Below you will find our 2023 Grant-Making Panel cohort. To learn about our previous panelists, click here.

Shenaaz Janmohamed

Shenaaz Janmohamed (she/they) is a queer Shia Muslim, a nonbinary femme parent, and a healing practitioner, cultural worker and organizer. For the past fifteen years, Shenaaz has worked at the intersections of mental health, gendered violence, islamophobia and the surveillance of bodies through survivor advocacy, community organizing and trauma recovery. Raised with a strong Shia political identity, Shenaaz learned about the multiplicity and nuance of Muslim cultures through experiences of erasure, resistance and ritual. It is from this lineage that she struggles to expand who in seen and included in the Muslim experience, centering the most impacted and targeted. In 2020 Shenaaz was selected as part of the fifth and final cohort of Move to End Violence Movement Makers, and was a 2009 American Muslim Civic Leaders Institute national fellow.

Chris Kimmenez

Rev. Dr. Chris Kimmenez is an ordained Baptist minister, faith community organizer, chaplain, psychologist, educator, nonprofit executive and medically retired marine combat veteran residing in Philadelphia, PA. After a car accident, struggling with addiction, physical disability, PTSD, and a criminal record, he entered recovery in 1995 and ministry in 1996. After serving as a senior pastor for 17 years, and retiring from Lombard Central Presbyterian Church, he currently serves as the Associate Pastor for Social Justice at The Peoples Baptist Church in West Philadelphia under the pastorate of the Rev. Eric Jadolyn Goode. He also serves as Founder of the Pastor’s & Preacher’s Support Network serving over 600 pastors worldwide, President of Recovery Christian Centers Urban Community Development Corporation providing leadership consulting and recovery support, Overseer of Administration of Maturing Harvest Fellowship, Chair of the Pennsylvania Reentry Council Restorative Justice Committee, Executive Director for Healing Communities PA, a faith based grassroots justice transformation network, Chaplain of Delaware Valley Stand Down, a homeless veteran initiative, a contract Mental Health First Aid Instructor, Trauma Instructor and member of the Faith & Spiritual Affairs Advisory Board with the Philadelphia Department of Behavioral Health and Intellectual Disabilities, and a member of the Philadelphia FIGHT Faith Leaders Network. He is a JustLeadershipUSA Leading with Conviction 2018 Fellow. He holds a B.S. in Human Resources, a M.S. in Health Education, and PsyD and is pursuing a D. Min. He married the Rev. Paula Burnett-Kimmenez having 6 children (1 deceased) and 16 grandchildren.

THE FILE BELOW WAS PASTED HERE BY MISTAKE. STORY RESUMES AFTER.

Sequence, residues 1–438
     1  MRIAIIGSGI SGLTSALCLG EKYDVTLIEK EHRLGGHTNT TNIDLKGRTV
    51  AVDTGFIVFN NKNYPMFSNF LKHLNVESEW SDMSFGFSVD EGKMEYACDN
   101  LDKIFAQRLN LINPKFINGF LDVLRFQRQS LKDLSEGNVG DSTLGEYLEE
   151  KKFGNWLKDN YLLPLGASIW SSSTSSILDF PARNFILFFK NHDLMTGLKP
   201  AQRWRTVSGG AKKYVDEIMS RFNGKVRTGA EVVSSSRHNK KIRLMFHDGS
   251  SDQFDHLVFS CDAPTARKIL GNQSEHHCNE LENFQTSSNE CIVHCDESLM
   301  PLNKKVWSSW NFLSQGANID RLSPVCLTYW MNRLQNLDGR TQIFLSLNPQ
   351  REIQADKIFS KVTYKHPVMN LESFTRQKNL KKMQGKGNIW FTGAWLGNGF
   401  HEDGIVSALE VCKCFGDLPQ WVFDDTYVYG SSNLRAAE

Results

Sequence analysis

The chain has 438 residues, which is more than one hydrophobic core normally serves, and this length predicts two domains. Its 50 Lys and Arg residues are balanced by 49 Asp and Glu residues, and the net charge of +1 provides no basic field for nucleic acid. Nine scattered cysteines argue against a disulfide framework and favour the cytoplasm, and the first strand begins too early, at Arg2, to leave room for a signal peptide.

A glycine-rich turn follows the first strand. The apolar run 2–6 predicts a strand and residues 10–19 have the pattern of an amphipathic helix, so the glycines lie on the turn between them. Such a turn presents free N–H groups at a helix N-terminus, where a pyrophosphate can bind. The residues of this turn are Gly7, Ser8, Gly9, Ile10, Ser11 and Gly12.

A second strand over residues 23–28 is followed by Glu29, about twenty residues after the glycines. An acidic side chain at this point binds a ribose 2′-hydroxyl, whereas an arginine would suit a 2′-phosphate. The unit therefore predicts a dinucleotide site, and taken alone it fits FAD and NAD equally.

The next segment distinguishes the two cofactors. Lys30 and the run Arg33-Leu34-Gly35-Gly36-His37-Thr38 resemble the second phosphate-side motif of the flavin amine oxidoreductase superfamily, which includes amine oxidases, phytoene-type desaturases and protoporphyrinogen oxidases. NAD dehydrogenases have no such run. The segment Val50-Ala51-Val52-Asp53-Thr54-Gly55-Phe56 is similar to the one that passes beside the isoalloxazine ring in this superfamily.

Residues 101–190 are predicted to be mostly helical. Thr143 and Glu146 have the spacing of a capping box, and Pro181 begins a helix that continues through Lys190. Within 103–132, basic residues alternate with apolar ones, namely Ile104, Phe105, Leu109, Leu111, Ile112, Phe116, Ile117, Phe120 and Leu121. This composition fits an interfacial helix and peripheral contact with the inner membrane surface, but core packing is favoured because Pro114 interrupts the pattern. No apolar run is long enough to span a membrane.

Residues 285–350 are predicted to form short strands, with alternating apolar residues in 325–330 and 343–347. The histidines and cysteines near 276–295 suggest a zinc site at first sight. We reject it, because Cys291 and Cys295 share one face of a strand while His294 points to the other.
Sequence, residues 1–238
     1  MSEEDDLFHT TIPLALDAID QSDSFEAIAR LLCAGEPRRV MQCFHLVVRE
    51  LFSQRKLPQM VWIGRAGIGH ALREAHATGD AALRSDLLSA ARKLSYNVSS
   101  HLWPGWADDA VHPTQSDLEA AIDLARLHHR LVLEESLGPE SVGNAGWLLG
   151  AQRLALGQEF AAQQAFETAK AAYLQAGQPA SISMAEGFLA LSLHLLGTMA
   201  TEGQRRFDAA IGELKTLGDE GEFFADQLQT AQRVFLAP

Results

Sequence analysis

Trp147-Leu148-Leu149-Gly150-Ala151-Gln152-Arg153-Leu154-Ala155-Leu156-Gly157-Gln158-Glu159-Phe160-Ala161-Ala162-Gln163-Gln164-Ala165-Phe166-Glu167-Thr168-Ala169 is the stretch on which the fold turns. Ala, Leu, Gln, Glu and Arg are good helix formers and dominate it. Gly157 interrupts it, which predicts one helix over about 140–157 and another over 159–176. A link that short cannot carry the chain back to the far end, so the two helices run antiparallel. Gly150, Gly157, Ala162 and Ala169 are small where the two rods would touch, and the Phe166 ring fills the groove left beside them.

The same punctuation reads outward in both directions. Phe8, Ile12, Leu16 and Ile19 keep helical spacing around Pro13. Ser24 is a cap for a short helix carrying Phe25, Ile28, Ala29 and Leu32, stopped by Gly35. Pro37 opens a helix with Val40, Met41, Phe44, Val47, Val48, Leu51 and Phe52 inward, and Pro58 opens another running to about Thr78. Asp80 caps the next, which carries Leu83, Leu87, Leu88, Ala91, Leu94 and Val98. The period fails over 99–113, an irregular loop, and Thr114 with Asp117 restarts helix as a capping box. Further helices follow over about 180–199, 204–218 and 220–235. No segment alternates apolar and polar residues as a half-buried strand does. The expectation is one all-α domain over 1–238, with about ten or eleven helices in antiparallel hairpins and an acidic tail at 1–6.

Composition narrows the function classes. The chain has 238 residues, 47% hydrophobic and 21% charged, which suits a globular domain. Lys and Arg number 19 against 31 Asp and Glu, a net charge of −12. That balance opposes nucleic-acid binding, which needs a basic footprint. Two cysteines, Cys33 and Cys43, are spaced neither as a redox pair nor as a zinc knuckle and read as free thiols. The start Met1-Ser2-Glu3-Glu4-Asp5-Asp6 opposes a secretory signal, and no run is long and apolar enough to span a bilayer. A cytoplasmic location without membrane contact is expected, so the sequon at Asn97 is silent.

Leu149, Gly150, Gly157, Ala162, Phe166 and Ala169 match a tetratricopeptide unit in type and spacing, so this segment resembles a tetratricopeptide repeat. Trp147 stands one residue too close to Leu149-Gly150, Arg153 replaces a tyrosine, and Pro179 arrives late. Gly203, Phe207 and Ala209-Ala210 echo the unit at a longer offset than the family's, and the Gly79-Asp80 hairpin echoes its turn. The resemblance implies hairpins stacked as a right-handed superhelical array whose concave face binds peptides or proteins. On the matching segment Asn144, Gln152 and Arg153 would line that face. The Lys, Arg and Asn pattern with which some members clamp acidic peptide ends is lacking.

María Cristina Moroles

Maria Cristina Moroles (she/her) is a Two-Spirit, working-class, Indigenous and Mexican-American womoon born in Corpus Christi, Texas in 1953. She is the founder and president of Arco Iris Earth Care Project, a conservation organization that stewards 400 acres of Ozark Wilderness according to indigenous earth care principles. 

She is also the matriarchal steward of Santuario Arco Iris, her residence and a 100-acre off-grid community that practices indigenous land stewardship. It includes a permaculture center, an organic garden, a natural healing clinic with an intern and apprenticeship program, ceremonial grounds, and the Arco Iris Earth Care Project headquarters.